An Introduction to Modern VFX Technology
Virtual production (VP) is a cutting-edge filmmaking technique that combines live-action filming with computer-generated imagery (CGI) and real-time visual effects. It’s not new, but the technology has grown leaps and bounds in recent years with excitement from notable projects like The Mandalorian and Star Trek: Discovery, and movies like Avatar: The Way of Water, Thor: Love and Thunder, and The Batman all using the technology. But its use goes beyond larger-than-life sci-fi productions. In 2022, the worldwide market size for virtual production stood at $1.82 billion USD. Projections indicate that between 2023 and 2030, the market will experience a compound annual growth rate (CAGR) of 18.2%.
What’s fueling this exponential demand and adoption?
VP allows filmmakers to blend physical and digital worlds, enabling them to visualize and manipulate virtual environments and characters while capturing live-action footage. This approach has revolutionized the way films, TV shows, and other media content are produced, as it offers greater creative control, cost-efficiency, and flexibility.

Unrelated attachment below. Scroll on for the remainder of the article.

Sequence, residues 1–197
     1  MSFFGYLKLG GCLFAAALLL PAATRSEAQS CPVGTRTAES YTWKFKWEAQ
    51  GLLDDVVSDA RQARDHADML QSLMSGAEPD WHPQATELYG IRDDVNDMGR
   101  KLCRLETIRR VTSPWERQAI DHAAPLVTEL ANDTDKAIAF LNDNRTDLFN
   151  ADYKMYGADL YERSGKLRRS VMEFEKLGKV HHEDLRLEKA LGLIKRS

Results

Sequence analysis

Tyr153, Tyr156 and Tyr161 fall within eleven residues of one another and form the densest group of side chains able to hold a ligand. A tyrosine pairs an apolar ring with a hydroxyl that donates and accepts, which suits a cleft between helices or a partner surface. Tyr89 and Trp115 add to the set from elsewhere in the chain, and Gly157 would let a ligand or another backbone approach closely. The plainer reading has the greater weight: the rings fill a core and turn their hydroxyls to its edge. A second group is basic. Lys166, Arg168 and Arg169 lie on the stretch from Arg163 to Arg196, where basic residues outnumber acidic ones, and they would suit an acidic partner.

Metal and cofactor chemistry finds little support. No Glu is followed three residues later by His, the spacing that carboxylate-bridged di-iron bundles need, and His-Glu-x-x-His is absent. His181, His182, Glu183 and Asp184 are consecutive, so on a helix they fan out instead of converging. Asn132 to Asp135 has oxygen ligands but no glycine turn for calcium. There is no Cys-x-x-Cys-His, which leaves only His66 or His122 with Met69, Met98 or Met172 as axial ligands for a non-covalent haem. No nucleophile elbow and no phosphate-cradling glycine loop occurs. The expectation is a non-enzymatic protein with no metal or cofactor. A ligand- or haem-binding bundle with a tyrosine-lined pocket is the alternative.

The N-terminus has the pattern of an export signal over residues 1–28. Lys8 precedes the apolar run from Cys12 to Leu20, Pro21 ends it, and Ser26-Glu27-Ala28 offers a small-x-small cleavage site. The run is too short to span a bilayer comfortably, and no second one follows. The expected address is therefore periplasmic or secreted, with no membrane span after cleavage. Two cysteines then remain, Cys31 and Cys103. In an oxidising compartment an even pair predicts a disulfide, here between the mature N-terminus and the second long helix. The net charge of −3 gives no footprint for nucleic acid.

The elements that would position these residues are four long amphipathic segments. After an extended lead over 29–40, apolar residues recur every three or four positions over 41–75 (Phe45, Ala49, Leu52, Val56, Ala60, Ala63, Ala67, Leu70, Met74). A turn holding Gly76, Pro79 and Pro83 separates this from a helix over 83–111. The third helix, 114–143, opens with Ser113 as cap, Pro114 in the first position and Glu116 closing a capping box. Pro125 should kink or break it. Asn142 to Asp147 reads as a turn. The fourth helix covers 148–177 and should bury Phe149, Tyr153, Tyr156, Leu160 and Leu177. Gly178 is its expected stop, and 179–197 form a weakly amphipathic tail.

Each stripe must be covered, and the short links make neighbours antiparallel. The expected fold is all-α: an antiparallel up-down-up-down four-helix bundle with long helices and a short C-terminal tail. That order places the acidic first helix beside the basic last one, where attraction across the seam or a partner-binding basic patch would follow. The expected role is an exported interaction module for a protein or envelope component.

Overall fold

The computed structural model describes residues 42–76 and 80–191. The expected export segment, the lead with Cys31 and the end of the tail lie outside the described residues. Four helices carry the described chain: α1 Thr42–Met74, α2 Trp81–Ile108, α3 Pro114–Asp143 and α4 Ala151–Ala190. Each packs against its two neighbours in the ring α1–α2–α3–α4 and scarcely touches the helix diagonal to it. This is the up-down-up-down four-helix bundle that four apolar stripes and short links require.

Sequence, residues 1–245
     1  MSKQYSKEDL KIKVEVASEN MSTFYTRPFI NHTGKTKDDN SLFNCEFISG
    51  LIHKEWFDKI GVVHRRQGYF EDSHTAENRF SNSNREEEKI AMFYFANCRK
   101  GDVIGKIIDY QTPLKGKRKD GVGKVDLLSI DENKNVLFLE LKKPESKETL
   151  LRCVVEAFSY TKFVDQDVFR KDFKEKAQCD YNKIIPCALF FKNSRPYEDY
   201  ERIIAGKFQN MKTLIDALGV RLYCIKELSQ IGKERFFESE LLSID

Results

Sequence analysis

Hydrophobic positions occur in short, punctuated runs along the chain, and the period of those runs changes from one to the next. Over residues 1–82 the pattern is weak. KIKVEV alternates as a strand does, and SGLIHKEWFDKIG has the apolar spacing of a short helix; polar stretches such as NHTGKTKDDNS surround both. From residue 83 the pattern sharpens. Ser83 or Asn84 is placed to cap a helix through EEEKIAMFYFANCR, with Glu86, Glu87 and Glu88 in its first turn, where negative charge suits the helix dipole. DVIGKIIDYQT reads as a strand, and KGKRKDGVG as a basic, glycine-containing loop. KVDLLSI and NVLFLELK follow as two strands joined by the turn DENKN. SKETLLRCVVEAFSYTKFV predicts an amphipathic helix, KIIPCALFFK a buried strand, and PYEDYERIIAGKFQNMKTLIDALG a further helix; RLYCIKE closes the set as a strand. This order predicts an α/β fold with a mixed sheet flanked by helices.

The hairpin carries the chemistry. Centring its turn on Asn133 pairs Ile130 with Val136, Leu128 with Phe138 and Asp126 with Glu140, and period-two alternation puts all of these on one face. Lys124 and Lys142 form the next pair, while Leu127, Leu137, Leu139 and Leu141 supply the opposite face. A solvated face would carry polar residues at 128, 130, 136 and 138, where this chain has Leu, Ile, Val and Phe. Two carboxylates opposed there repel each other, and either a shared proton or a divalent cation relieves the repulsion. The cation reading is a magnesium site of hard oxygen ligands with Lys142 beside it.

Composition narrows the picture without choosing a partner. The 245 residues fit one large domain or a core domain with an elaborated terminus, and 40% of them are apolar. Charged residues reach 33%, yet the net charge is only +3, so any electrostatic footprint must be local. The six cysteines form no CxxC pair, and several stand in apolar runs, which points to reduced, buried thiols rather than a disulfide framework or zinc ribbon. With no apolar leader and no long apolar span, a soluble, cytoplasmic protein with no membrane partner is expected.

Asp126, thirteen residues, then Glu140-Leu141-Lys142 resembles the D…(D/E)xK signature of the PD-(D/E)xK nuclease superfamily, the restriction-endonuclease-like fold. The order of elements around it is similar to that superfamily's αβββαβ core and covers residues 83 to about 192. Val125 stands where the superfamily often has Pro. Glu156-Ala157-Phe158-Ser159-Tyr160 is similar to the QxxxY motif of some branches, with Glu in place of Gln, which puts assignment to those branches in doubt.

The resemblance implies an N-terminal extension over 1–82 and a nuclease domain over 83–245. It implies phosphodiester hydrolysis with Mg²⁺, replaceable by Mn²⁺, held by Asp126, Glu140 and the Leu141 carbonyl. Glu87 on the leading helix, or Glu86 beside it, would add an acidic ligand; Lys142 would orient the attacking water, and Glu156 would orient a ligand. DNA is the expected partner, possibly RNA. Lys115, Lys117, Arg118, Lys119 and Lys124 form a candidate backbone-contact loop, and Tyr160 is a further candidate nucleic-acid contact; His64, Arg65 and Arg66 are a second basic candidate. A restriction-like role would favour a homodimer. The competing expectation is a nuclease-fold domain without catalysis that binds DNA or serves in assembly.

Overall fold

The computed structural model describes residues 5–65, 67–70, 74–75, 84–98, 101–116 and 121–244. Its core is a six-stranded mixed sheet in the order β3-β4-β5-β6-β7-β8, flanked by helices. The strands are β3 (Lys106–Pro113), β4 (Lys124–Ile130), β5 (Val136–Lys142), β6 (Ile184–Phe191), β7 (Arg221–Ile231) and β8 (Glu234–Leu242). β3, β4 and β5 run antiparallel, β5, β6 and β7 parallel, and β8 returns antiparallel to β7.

Methods of Virtual Production
These are the primary methods used by filmmakers to harness the power of virtual production.
Quickly and efficiently developing digital representations of scenes before the actual filming facilitates better project planning for camera angles, lighting, and other elements. One of the biggest benefits of previsualization is the fast pace and low cost of iteration.
Pre-viz has long been a useful tool with legacy software, but it has really grown since the industry started using game engines like Unreal and Nvidia’s Omniverse to speed it up, make it cheaper, plus make it easier to iterate live with a director.
In-Camera Visual Effects
Virtual production enables filmmakers to visualize and adjust visual effects in real-time. In-camera visual effects (ICVFX) is a technique that captures effects during filming using LED screens, providing flexibility and realism during the visual effects process.